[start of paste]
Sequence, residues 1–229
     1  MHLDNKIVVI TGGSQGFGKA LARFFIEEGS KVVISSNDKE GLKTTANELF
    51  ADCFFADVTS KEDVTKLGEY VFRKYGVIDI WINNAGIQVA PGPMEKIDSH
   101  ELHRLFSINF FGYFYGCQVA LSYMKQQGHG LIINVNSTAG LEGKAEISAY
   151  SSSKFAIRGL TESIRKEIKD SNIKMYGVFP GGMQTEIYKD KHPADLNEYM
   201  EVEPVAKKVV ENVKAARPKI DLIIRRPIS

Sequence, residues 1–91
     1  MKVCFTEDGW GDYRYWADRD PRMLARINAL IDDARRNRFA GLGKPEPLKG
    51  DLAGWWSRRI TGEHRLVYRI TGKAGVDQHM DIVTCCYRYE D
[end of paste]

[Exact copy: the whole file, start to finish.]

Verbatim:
Sequence, residues 1–229
     1  MHLDNKIVVI TGGSQGFGKA LARFFIEEGS KVVISSNDKE GLKTTANELF
    51  ADCFFADVTS KEDVTKLGEY VFRKYGVIDI WINNAGIQVA PGPMEKIDSH
   101  ELHRLFSINF FGYFYGCQVA LSYMKQQGHG LIINVNSTAG LEGKAEISAY
   151  SSSKFAIRGL TESIRKEIKD SNIKMYGVFP GGMQTEIYKD KHPADLNEYM
   201  EVEPVAKKVV ENVKAARPKI DLIIRRPIS

Sequence, residues 1–91
     1  MKVCFTEDGW GDYRYWADRD PRMLARINAL IDDARRNRFA GLGKPEPLKG
    51  DLAGWWSRRI TGEHRLVYRI TGKAGVDQHM DIVTCCYRYE D